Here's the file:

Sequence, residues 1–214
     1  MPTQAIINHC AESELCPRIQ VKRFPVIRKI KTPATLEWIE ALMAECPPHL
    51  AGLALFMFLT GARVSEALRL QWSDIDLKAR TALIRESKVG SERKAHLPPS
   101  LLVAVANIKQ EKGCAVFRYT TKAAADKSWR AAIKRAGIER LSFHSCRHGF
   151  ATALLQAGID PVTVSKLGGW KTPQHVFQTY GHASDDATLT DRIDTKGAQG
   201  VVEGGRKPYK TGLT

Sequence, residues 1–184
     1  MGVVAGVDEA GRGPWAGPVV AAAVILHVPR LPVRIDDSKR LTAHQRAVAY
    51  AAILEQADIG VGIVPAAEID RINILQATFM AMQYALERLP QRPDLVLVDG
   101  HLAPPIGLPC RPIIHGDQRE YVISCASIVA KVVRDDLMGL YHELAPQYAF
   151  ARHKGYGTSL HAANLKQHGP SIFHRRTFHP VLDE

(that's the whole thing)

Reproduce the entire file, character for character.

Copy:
Sequence, residues 1–214
     1  MPTQAIINHC AESELCPRIQ VKRFPVIRKI KTPATLEWIE ALMAECPPHL
    51  AGLALFMFLT GARVSEALRL QWSDIDLKAR TALIRESKVG SERKAHLPPS
   101  LLVAVANIKQ EKGCAVFRYT TKAAADKSWR AAIKRAGIER LSFHSCRHGF
   151  ATALLQAGID PVTVSKLGGW KTPQHVFQTY GHASDDATLT DRIDTKGAQG
   201  VVEGGRKPYK TGLT

Sequence, residues 1–184
     1  MGVVAGVDEA GRGPWAGPVV AAAVILHVPR LPVRIDDSKR LTAHQRAVAY
    51  AAILEQADIG VGIVPAAEID RINILQATFM AMQYALERLP QRPDLVLVDG
   101  HLAPPIGLPC RPIIHGDQRE YVISCASIVA KVVRDDLMGL YHELAPQYAF
   151  ARHKGYGTSL HAANLKQHGP SIFHRRTFHP VLDE